It was on a break from class that myself and my friend, Devin, first saw a tumblebot in a downtown store. What we saw was a self-driven ball that rolled around the floor in what looked like an uncannily agentive fashion, as if it was aware of its surroundings, and as if it was seeking something. It would roll under chairs and couches, roll into corners and behind bulky pieces of furniture, and just when you thought it must get stuck, it would seem to reconsider its plight, and it would find a way back out to open space in the middle of the floor again. When it came at your shoes, you could not help but think that it was sniffing your shoes, trying to find something, before moving on.
Inside the ball is a very simple mechanism. Mystery revealed: the inside of a tumblebot. There is a battery case, attached to an overbalanced motor, a central spindle, and not much more. The overbalanced contraption is responsible for the complexity of the behaviour. As the internal structure rotates about a fixed axis, it generates wobbly, inconstant motion of the ball as a whole, and those wobbles are sufficiently complex to extricate it from almost every predicament it gets itself into. It also helps that the surface of the ball has a friction-characteristic well matched to the domestic environments the toy finds use in: carpets and parquet floors.
Devin and I bought a tumblebot and returned to the class. We demonstrated the crazy motion and the convincingly goal-directed behaviour of the toy, and we claimed that this was a fancy robot we had built, whose motion was controlled by a fancy neural network algorithm. The intense searching behaviour it exhibited, we claimed, was a goal we had engineered using state-of-the-art tools from artificial intelligence. Most of the class seemed to believe our fiction, at least until the toy was opened up and its remarkably simple interior put on display. The claim of a high-tech cognitive mechanism in a hidden interiority seemed to be sufficient to fool very many very bright people, for a while at least. I am reminded of similar and common reaction to Terry Winograd's Eliza programme, a product of artificial intelligence research of the 1970's that appeared to converse with a user, through text of course, even though it was mindlessly recombining what it had just heard with some stock responses, in a relatively simple manner, one that now fools nobody.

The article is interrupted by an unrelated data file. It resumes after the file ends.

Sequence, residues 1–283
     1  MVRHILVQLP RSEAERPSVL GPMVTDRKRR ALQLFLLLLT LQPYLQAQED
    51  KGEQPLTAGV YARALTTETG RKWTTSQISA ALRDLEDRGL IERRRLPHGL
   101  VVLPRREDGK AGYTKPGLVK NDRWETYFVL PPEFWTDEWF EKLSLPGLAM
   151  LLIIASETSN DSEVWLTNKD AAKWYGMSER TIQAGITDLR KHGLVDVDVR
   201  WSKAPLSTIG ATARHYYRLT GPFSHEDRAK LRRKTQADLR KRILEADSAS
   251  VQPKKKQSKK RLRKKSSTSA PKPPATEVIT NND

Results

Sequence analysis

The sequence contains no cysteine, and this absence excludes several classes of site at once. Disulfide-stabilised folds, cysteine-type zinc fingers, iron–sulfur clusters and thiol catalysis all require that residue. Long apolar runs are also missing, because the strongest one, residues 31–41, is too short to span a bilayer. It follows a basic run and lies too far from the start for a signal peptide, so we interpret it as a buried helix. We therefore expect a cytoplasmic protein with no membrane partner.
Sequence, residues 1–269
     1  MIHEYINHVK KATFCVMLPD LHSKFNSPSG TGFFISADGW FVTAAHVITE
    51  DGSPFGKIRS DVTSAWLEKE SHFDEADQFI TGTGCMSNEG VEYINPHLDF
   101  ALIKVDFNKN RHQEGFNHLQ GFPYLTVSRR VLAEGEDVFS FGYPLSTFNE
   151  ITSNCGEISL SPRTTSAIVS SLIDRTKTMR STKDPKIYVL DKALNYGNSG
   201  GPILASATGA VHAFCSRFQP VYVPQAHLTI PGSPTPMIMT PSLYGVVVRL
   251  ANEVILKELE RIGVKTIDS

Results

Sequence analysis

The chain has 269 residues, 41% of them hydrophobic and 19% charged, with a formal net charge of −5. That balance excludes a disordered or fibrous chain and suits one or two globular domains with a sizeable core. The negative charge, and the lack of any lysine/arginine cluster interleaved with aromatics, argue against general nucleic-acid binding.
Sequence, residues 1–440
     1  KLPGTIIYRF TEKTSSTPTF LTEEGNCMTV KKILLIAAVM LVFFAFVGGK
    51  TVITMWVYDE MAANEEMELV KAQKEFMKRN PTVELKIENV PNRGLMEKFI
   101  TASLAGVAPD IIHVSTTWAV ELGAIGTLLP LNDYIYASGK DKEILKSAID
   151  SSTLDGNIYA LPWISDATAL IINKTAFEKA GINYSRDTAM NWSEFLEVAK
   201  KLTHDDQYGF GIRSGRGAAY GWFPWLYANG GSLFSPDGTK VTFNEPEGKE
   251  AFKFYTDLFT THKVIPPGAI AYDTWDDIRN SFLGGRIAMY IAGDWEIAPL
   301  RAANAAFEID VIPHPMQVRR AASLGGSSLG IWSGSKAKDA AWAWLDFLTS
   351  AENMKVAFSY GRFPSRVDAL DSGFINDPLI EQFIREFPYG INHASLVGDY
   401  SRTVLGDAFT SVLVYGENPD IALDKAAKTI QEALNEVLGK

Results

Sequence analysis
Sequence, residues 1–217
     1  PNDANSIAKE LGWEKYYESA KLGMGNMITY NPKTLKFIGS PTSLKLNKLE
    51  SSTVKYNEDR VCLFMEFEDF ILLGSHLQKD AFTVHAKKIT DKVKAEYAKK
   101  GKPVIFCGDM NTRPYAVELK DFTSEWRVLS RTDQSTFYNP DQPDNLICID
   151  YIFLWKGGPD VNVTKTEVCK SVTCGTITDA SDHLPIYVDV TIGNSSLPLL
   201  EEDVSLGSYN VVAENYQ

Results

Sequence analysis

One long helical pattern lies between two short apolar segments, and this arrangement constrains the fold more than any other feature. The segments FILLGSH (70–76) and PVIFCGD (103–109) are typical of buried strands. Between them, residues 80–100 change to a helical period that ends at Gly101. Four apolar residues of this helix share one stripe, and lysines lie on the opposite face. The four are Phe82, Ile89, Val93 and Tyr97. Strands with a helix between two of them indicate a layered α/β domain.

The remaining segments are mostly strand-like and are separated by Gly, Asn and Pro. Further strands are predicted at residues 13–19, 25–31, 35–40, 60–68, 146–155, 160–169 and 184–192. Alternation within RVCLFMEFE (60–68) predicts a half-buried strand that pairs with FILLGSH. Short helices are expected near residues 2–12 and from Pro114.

Our prank has backfired. But our prank seems to have backfired. Now I sit and I regard the Tumblebot, and Mr Sparkles, and I pause to consider on what basis one might identify one as an artifact, and the other as a creature. The very word "creature" seems to imply a creator, but even within devout Christian traditions, and to Christian philosophers such as Descartes and Kant, the bodies of animals and people have long been regarded as a special kind of machine. If animal bodies are, in fact, machines, then there might be no means, in principle, by which we could tell artifact from organism. The question I want to dwell on is this: are we stuck with a Turing-like test of behavioural adequacy, to distinguish the living from the merely mechanical, or is there in principle something that can tell them apart? [Table of Contents]
To be perfectly clear, the question is whether there is, in principle, any way to tell an organism from a machine. We can make this more concrete by imagining we encountered something that was so weird that we are not sure if it was a space ship or not, but it jettisoned something, which we can now examine. Is it an artifact from an unimaginable technology, designed by others, or is it a living being, far from home. Ideally, it should be alive, or active, when we view it, but there is a problem here: we have stripped it of all context. Unless we know it's "natural" environment (whatever that means in this strained context), we are in a poor position to assess its activity. Dolphins don't look real smart in the forest.